Making paper planes and “flying” them was one of the simplest, but greatest joys of children who lived before the digital age. But now, who says you can’t marry both? We now have a Kickstarter project for the world’d first paper airplane drone with a live camera. The PowerUp FPV (first person viewing) lets you experience what it’s like to actually be on that paper plane swooshing through the air for like forever. Or at least 10 minutes at the most.
The PowerUp FPV was developed by PowerUp Toys and Parrot to create this project that will thrill those of us who had childhood dreams of actually flying on the paper planes we created as well as give another generation a virtual experience of flying through the air. The plane is equipped with a wide-angle camera so you can stream your flight onto your smartphone or Google Cardboard. You can even use it to create the ultimate selfie as you get the rear-view shot when you launch it.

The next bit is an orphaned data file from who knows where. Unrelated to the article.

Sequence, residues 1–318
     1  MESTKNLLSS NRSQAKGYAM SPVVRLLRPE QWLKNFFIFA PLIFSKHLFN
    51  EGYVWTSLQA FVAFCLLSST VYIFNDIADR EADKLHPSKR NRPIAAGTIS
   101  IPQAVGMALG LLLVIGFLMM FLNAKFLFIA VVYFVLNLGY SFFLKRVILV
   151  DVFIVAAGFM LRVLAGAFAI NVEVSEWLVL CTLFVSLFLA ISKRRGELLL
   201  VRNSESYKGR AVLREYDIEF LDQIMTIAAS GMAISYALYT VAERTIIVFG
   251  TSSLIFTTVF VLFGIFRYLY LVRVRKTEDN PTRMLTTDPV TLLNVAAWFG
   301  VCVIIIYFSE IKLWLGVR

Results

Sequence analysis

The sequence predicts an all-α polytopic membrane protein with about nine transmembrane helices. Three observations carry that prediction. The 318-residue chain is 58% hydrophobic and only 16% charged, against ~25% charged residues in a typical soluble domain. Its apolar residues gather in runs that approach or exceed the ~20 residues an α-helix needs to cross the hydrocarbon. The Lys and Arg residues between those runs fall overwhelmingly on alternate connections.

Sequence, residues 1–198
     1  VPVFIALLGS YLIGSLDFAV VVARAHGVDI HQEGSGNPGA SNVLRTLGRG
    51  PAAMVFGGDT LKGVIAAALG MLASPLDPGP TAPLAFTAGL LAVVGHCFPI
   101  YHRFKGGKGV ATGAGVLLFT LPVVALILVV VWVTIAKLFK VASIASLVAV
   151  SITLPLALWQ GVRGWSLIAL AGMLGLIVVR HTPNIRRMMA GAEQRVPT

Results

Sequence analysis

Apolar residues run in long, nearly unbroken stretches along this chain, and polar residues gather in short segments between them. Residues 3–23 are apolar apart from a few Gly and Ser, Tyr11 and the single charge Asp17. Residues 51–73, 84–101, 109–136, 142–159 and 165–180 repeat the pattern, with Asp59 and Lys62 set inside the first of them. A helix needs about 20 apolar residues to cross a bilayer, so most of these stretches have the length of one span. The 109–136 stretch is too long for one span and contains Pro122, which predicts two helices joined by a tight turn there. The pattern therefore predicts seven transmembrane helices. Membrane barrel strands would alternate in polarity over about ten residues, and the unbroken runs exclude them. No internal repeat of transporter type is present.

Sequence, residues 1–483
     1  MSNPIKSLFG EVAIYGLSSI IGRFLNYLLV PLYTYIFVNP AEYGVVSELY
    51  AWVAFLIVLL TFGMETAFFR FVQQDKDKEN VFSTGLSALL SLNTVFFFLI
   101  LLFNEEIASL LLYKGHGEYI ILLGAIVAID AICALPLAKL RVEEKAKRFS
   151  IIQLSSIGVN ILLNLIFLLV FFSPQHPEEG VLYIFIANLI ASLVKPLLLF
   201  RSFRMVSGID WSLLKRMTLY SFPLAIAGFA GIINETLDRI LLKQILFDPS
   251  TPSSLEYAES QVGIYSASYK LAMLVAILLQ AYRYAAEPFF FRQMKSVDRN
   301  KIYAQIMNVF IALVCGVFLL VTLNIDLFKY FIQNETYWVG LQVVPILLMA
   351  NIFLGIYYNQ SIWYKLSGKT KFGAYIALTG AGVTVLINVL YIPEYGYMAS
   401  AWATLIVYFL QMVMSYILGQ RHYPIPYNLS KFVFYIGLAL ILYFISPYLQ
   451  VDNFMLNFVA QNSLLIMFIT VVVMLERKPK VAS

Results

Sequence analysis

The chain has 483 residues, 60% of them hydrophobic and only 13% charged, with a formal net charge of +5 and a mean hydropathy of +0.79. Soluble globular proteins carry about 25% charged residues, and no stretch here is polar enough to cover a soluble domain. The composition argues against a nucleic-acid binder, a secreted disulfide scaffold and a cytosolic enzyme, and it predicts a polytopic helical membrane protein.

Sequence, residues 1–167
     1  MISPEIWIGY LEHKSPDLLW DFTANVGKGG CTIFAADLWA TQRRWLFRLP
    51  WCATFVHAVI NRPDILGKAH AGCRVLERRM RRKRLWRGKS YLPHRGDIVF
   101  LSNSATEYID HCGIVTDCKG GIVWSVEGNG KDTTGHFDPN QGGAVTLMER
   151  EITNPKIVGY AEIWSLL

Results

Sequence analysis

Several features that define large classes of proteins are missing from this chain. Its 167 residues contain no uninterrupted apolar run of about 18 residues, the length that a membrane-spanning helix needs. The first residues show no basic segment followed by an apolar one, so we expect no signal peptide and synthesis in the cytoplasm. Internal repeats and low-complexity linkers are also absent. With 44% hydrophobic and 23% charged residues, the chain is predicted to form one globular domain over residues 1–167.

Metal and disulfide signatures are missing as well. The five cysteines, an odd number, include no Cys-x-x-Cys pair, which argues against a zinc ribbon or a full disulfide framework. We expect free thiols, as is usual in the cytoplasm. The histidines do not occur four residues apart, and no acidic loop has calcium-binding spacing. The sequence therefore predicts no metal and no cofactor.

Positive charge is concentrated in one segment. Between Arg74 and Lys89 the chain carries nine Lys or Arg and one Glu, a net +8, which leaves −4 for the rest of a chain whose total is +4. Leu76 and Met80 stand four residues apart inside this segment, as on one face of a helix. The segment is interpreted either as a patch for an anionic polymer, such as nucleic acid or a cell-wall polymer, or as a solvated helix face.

The plane has a 300ft WiFi live streaming range and you can capture the photos and videos. You can upload them directly as well to your Facebook, YouTube, or other video sharing service. The plane can be controlled in a number of ways. You can have a head mounted display, like Cardboard, and you can tilt your head lightly wherever you want it to go. You can also manual touch control your paper plane through an app on your smartphone. Or if you feel like giving up control, you can set it to full autopilot or auto pilot assist. You can get 10 minutes of continuous flight out of this plane.
PowerUP FPV has already reached its funding goal of $100,000 with 57 days more to go in the campaign which launched just on November 10. If you’d still like to support it and get your own, the lowest you can pay is $159 to get the FPV itself.
This is a crowdfunded project, and as such may not deliver what its creators initially promise. Most crowdfunding sites, like Kickstarter and Indiegogo, have policies about what happens to your money if the project fails to deliver on its goals, but choosing to back a project is inevitably a risk. Android Community's reporting on crowdfunded projects should in no way be seen as an endorsement, unless specifically stated, and we recommend closely examining the terms and conditions to understand your individual rights as a backer before making a pledge.